Embarking on a graduate program in a new country can be both exhilarating and challenging. International students, in particular, face unique hurdles as they pursue their academic dreams. SPSP Student Committee Past-Chair, Stylianos Syropoulos, PhD, is a Postdoctoral Research Fellow at the Department of Psychology and Neuroscience at Boston College and shares his experiences as an international graduate student through a new SPSP featured resource, Insights and Advice for International Students. This guide shares Stylianos' experiences and aims to provide invaluable insights and practical solutions for international graduate students stepping into the world of social or personality psychology doctoral programs in the United States.

Stylianos delves into the intricacies faced by international students when applying for graduate programs in the United States. Important themes include financial barriers, the U.S. immigration process, and embracing cultural diversity.

Overcoming Financial Barriers

In the quest for financial support, international students can explore various avenues. Universities often have pools of funds available for international students, and persistence in applying can yield results. Additionally, small grants offered by professional organizations are worth pursuing. These channels require a proactive and thorough approach, but can be a reliable funding source.

Simplifying the Immigration Maze

Navigating the U.S. immigration process requires strategic planning and careful documentation. Keeping track of critical dates like visa, passport, and I-20 form renewals is essential. Maintaining all I-20 and I-94 forms and tax documents is also crucial for future immigration steps. Students should familiarize themselves with the regulations surrounding Curricular Practical Training (CPT) and Optional Practical Training (OPT) to maximize their work experience in the U.S. Consulting with one's country's consulate or embassy can provide tailored assistance for unique issues.

Embracing Cultural Diversity

Adapting to a new cultural environment involves actively seeking connections and community. Regular communication with family and friends back home offers emotional support, while engaging in university life through student associations and departmental events helps build a new support network. Participating in cultural and religious groups can also provide a sense of belonging and ease the cultural adjustment process.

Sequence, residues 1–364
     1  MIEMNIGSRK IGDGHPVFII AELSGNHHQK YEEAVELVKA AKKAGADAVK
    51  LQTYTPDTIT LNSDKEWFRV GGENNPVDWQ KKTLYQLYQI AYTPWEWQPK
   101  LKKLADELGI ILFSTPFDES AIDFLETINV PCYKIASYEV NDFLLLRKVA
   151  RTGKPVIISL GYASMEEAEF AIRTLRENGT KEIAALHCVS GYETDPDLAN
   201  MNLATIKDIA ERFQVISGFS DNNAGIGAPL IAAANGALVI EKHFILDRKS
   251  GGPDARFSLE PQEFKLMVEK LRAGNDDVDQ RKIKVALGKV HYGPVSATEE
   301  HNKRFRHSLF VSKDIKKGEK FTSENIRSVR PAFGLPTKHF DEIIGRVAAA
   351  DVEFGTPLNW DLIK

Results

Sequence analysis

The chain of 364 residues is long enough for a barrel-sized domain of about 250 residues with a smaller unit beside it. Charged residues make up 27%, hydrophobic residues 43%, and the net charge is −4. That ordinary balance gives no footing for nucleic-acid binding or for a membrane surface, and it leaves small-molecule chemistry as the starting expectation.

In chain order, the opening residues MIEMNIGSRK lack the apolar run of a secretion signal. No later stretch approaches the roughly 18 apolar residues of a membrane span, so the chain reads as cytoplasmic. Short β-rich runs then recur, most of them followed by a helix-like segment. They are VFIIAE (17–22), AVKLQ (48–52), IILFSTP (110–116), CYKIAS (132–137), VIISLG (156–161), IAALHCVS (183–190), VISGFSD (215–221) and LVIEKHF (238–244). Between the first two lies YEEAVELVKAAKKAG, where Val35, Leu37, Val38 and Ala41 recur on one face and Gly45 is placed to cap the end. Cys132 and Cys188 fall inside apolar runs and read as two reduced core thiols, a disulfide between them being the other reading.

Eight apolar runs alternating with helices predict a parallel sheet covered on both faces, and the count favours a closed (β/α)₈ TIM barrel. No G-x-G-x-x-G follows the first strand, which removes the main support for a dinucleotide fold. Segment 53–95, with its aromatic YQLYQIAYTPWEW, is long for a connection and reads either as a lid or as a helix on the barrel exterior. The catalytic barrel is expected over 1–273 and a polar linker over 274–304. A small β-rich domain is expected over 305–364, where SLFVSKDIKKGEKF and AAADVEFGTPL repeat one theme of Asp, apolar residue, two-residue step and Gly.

A Journey of Growth and Opportunity

As an international student, you embark on an enriching journey filled with growth, learning, and unique cultural experiences. These explorations are part of a larger adventure that will shape you professionally and personally. With an open heart and a determined spirit, embrace these opportunities and lean on the help of SPSP resources, such as Stylianos' Insights and Advice for International Students, additional SPSP International Resources and SPSP Graduate Student Development Resources

International Student Resources

Stylianos discusses that universities typically have dedicated portals listing funding opportunities and recommends checking these regularly. Social and personality psychology professional societies also list grants and awards on their websites. For immigration-related information, the U.S. Citizenship and Immigration Services (USCIS) website is a comprehensive resource. Additionally, university international offices often organize programs and events for cultural exchange and support, which can be very beneficial. The key to finding the right school is to research and consider your interests and goals. Start your search early, as the graduate application process can be time-consuming, and we recommend that you start researching and preparing 12-18 months in advance, giving yourself ample time to gather the necessary information and write a stellar personal essay. Some institutions may require ESL standardized tests or require your transcripts to be translated if they are not in English. During the process, connecting with alumni and faculty will help build professional connections and can be a great way to learn more about your program of interest. Stay organized by knowing essential dates and deadlines, maintaining all immigration documentation, familiarizing yourself with work authorizations, and diligently consult your consulate or embassy for questions unique to your situation.

Here are some resource links to help you on your journey:

  1. U.S. Department of State - Student Visa
  2. APAGS Student Resources for International Students
  3. APA International Programs Resources
  4. EducationUSA - Financial Aid for International Students
  5. College Board - International Student Admission Requirements
  6. U.S. News & World Report - Studying in the United States

For additional expert advice from the SPSP member community on international student graduate applications, check out this two-part series from prior SPSP's SPSPotlight newsletter feature articles:

  1. Expert Advice on Applying to Doctoral and Postdoc Programs for Students from Underrepresented Groups (Part One)
  2. Expert Advice on Applying to Doctoral and Postdoctoral Programs for Students from Underrepresented Groups (Part Two)

The world of personality and social psychology in the United States is as rewarding as it is challenging. By staying connected and utilizing available SPSP graduate student resources, your journey is set to be a vibrant and enriching experience.

Good luck!